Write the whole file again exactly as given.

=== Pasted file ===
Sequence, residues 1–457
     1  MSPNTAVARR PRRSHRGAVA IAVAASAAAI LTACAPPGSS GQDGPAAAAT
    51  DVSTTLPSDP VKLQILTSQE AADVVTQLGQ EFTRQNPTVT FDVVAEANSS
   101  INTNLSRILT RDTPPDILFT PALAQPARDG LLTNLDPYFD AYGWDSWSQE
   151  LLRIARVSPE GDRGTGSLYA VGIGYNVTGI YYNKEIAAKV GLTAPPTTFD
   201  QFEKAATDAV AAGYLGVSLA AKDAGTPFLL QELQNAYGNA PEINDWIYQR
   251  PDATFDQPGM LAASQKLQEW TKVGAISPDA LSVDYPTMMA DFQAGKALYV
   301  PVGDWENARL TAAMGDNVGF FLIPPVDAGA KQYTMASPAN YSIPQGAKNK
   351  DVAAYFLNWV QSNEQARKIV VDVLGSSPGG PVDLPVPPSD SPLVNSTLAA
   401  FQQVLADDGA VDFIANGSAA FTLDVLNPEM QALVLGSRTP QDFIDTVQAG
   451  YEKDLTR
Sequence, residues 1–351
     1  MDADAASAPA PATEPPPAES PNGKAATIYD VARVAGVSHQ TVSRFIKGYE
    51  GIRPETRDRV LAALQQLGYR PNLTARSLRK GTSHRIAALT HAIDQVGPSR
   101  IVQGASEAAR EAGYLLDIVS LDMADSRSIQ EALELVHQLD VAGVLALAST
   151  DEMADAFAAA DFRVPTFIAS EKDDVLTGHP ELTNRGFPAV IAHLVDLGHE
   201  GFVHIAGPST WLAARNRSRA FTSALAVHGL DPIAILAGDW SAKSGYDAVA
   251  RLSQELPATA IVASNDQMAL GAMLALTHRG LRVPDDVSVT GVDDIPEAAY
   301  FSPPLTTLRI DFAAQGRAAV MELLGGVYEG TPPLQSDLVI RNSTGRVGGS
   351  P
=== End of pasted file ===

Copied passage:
Sequence, residues 1–457
     1  MSPNTAVARR PRRSHRGAVA IAVAASAAAI LTACAPPGSS GQDGPAAAAT
    51  DVSTTLPSDP VKLQILTSQE AADVVTQLGQ EFTRQNPTVT FDVVAEANSS
   101  INTNLSRILT RDTPPDILFT PALAQPARDG LLTNLDPYFD AYGWDSWSQE
   151  LLRIARVSPE GDRGTGSLYA VGIGYNVTGI YYNKEIAAKV GLTAPPTTFD
   201  QFEKAATDAV AAGYLGVSLA AKDAGTPFLL QELQNAYGNA PEINDWIYQR
   251  PDATFDQPGM LAASQKLQEW TKVGAISPDA LSVDYPTMMA DFQAGKALYV
   301  PVGDWENARL TAAMGDNVGF FLIPPVDAGA KQYTMASPAN YSIPQGAKNK
   351  DVAAYFLNWV QSNEQARKIV VDVLGSSPGG PVDLPVPPSD SPLVNSTLAA
   401  FQQVLADDGA VDFIANGSAA FTLDVLNPEM QALVLGSRTP QDFIDTVQAG
   451  YEKDLTR
Sequence, residues 1–351
     1  MDADAASAPA PATEPPPAES PNGKAATIYD VARVAGVSHQ TVSRFIKGYE
    51  GIRPETRDRV LAALQQLGYR PNLTARSLRK GTSHRIAALT HAIDQVGPSR
   101  IVQGASEAAR EAGYLLDIVS LDMADSRSIQ EALELVHQLD VAGVLALAST
   151  DEMADAFAAA DFRVPTFIAS EKDDVLTGHP ELTNRGFPAV IAHLVDLGHE
   201  GFVHIAGPST WLAARNRSRA FTSALAVHGL DPIAILAGDW SAKSGYDAVA
   251  RLSQELPATA IVASNDQMAL GAMLALTHRG LRVPDDVSVT GVDDIPEAAY
   301  FSPPLTTLRI DFAAQGRAAV MELLGGVYEG TPPLQSDLVI RNSTGRVGGS
   351  P